Why don't we know this?

Menstrual hygiene products don't have to list the ingredients in their products on their packaging. So you know what's in the t-shirt you're wearing but have no idea what is in the product that sits next to your reproductive organs for hours at a time each month.

What can we do?

Education is power, the first step is to do your homework about your body and the products that you are using on it and in it. One of the market drivers in the menstrual hygiene industry right now is the desire on the part of millennial women for safer, more natural and organic products. Industry has to respond to consumer demands, the more that we change our purchasing decisions, the more research will need to be conducted on the safety of our products and the more responsibility brands will have to be transparent.

Luckily there are safer and more eco-friendly alternatives out there. Options for you to explore are menstrual cups, and natural cloth sanitary pads as well as 100% natural organic cotton tampons or natural sea sponges. 

Everyone who menstruates deserves to know that the products they are using are safe. Armed with this new information we can't continue to unconsciously pass on our buying behaviours to the next generation without stopping to think. We try to buy natural products to feed our families, and to use in our homes and our menstrual hygiene supplies should be no different.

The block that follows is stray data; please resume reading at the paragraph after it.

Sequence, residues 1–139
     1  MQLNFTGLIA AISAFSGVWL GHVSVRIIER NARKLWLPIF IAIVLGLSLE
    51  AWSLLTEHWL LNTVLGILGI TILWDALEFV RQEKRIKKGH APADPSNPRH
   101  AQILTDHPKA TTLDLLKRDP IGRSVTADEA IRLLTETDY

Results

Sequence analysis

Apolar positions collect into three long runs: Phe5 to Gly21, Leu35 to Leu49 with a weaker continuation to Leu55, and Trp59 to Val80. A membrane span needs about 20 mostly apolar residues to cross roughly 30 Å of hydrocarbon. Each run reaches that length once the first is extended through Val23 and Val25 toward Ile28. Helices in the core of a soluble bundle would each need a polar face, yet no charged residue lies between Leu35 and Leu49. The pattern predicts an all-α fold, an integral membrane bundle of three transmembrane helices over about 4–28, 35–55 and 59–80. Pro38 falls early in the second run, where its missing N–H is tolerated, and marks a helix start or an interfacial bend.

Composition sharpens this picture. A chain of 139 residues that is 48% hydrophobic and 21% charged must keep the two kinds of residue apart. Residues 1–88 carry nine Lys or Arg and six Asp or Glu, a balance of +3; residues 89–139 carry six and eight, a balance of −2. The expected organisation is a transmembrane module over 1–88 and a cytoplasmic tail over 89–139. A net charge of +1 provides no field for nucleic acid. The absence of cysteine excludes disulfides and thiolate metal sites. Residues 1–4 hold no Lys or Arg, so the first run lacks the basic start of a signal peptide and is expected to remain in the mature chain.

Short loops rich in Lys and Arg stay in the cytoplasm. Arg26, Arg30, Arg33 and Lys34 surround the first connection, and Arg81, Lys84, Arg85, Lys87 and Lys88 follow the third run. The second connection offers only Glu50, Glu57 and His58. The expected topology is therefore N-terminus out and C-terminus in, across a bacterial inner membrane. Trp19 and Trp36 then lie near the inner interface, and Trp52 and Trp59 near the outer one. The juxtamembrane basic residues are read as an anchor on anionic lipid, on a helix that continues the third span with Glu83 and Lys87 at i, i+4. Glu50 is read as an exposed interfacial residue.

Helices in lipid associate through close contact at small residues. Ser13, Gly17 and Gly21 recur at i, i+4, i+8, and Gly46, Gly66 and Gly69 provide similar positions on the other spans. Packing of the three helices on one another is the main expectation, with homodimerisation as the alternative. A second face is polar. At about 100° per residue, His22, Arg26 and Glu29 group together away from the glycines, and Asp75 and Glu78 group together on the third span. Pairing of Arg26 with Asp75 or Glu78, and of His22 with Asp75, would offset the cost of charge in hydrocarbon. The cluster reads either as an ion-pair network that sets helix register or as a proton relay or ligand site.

References

Nicole W. 2014. A question for women’s health: chemicals in feminine hygiene products and personal lubricants. Environ Health Perspect 122:A70–A75; http://dx.doi.org/10.1289/ehp.122-A70

Kumamoto Y, Iwasaki A. Unique features of antiviral immune system of the vaginal mucosa. Curr Opin Immunol 24(4):411–416 (2012); http://dx.doi.org/10.1016/j.coi.2012.05. 006.

Keir L, et al. Medical Assisting: Administrative and Clinical Competencies. Clifton Park, NY:Delmar Learning (1998). Available: http://goo.gl/BDGHfg [accessed 24 January 2014].

Farage M, Maibach HI. The vulvar epithelium differs from the skin: implications for cutaneous testing to address topical vulvar exposures. Contact Dermatitis 51(4):201–209 (2004); http://dx.doi.org/10.1111/j.0105-1873.20 04.00444.x.

Hussain A, Ahsan F. The vagina as a route for systemic drug delivery. J Control Release 103(2):301–313 (2005); http://dx.doi.org/10.1016/j.jconrel.2004 .11.034.

Tierno PM Jr, Hanna BA. Ecology of toxic shock syndrome: amplification of toxic shock syndrome toxin 1 by materials of medical interest. Clin Infect Dis 11(suppl 1):S182–S187 (1989); http://dx.doi.org/10.1093/clinids/11.Sup plement_1.S182.

Tierno PM Jr, Hanna BA. In vitro amplification of toxic shock syndrome toxin-1 by intravaginal devices. Contraception 31(2):185–194 (1985); http://dx.doi.org/10.1016/0010-7824(85)9 0033-2.

Tierno PM Jr, et al. Effects of toxic shock syndrome Staphylococcus aureus, endotoxin and tampons in a mouse model. Clin Invest Med 10(2):64–70 (1987); http://www.ncbi.nlm.nih.gov/pubmed/3581548.

Scranton A. Chem Fatale: Potential Health Effects of Toxic Chemicals in Feminine Care Products. Missoula, MT:Women’s Voices for the Earth (November 2013). Available: http://goo.gl/BgIwdu [accessed 24 January 2014].